Rites Various Prayer beads
Publication date: 2002-11-02
Prayer beads occur in many religions, including Christianity, Islam, Buddhism, Hinduism and Bahai. Perhaps best-known is the Roman Catholic rosary (see the main story on this page) used for public and private prayer.
Other Christian denominations also use prayer beads. In Eastern Orthodoxy, it is usually a monastic devotion. Its Greek and Turkish branches used a string of 33, 50 or 100 knots known as kombologion. Greek Orthodox brothers pray Lord Jesus Christ, Son of God, have mercy on me, a sinner. In Russia, the vervista has 103 beads in parallel strands separated by four large beads, suggesting a ladder for a soul ascending to heaven.
Since the 1980s, Episcopalians have had a 33-bead rosary, representing the years of Christs life.
During the Reformation it was known as telling the beads and was often practiced by the congregation instead of listening to the sermon.
Subha Subha, meaning to praise, is a string of Muslim prayer beads whose units (100, 11, 25, or 33) represent the 99 names of God. As the beads (wood, bone, precious stone) are touched one by one, Muslims may recite any of several formulas, the most common is Glory to Allah, the 99 names of God. Prayer may be said secretly in the heart. The beads are an aid and are not required. Many do not use them.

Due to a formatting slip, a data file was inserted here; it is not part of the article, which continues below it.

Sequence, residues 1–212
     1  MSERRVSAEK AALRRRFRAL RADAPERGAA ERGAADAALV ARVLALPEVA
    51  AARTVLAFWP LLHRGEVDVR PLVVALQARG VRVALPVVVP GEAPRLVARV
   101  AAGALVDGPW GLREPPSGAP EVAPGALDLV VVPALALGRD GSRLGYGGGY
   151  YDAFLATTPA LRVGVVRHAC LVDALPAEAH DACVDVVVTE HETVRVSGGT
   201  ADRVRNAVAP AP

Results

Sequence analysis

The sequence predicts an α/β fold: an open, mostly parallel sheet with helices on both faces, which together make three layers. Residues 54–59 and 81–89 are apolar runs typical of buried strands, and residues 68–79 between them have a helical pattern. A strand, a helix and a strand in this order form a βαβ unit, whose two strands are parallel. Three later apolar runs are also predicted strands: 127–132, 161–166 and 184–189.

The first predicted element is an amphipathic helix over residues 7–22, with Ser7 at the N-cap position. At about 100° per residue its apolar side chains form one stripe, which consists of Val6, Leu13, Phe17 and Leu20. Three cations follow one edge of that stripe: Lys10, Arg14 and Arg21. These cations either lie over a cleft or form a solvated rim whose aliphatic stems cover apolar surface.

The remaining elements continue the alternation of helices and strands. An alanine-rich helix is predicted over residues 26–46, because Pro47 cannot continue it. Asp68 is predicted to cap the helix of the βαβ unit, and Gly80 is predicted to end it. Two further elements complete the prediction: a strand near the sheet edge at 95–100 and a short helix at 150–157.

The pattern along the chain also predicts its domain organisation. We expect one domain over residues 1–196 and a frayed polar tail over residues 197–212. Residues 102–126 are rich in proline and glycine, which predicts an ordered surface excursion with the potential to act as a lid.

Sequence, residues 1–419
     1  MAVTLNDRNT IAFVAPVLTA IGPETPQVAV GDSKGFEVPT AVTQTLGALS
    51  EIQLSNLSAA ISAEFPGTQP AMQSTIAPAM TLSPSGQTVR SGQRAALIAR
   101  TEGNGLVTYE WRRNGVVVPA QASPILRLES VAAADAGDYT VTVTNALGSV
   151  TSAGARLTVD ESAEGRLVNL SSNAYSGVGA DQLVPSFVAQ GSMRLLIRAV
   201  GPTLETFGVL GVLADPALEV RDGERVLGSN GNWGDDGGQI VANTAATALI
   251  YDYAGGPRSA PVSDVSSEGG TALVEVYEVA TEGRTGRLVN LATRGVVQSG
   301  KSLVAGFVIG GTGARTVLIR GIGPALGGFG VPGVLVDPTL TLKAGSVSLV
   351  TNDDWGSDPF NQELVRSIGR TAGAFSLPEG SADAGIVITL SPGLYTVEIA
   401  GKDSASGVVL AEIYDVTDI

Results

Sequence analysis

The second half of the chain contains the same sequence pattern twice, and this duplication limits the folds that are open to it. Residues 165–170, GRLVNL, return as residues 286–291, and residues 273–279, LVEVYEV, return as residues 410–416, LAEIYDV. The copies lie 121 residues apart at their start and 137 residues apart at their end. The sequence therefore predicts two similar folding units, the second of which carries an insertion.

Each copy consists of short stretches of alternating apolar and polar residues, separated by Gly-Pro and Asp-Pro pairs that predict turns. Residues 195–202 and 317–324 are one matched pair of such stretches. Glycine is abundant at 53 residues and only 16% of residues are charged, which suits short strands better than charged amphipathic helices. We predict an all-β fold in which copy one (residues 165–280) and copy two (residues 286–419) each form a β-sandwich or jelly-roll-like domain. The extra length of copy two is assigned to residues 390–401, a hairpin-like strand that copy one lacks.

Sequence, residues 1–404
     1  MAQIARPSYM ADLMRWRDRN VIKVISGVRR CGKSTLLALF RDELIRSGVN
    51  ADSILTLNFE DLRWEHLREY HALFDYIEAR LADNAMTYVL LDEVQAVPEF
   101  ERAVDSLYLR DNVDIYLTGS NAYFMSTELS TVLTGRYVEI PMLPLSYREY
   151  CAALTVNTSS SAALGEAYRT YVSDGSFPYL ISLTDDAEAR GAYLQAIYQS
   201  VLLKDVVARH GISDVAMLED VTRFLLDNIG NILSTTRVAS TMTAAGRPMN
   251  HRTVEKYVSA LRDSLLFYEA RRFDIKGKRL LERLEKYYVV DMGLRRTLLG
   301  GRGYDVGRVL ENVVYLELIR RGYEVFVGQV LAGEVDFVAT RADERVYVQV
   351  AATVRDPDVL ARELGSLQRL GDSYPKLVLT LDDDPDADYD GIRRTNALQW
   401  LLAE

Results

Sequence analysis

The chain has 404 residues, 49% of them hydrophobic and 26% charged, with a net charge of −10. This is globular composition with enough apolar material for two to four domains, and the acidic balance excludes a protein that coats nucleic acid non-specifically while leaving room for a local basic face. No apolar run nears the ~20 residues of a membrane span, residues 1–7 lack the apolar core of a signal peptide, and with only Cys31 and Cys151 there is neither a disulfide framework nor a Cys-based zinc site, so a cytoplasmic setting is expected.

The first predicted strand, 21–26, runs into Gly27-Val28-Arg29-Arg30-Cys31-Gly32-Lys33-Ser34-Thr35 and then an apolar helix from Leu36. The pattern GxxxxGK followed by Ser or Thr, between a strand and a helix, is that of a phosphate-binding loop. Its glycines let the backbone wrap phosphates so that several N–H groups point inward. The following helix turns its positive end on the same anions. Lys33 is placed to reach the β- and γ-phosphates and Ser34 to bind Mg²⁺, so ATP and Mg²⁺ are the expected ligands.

Mala Some scholars believe Hindus were the first to use prayer beads. Hindus used them for reciting mantras and to count ones breath to focus during meditation. The strands are called malas (Sanskrit for garland) and can be worn like a necklace. The mala is 108 beads representing the cosmos. Malas are made from natural materials.
Buddhists also wear malas. Buddhist malas are 108 same-sized beads with a larger bead called the focal or guru bead. Smaller strands with 54 or 27 beads were designed so the beads wouldnt touch the ground when bowing. The beads are made of many materials including bone, glass, seeds, sandalwood, teak, coconut or gems. Buddhists use the mala for the same reasons as Hindus, however, the 108 beads represent worldly desires or negative emotions to overcome to reach nirvana.
Others o Some ancient cultures used the beads as time trackers, often based on the moon cycle. o Some Bahai use prayer beads to repeat the prayer Allahuabha (God is Most Glorious) 95 times. Bahai prayer strands are usually circles of 19 beads with five counters or a circle of 95 beads with a marker after every 19 beads. o Modern uses have been developed. A visitor to beliefnet.com tells of writing the names of people and issues she is praying about on wooden craft beads, using them as reminders.
SOURCES: Merriam-Websters Encyclopedia of World Religions, Wendy Doniger, editor; HarperCollins Dictionary of Religion, Jonathan Z. Smith, editor; World Religions, John Bowker; http:// www.beliefnet.com http://www.religioustolerance.com
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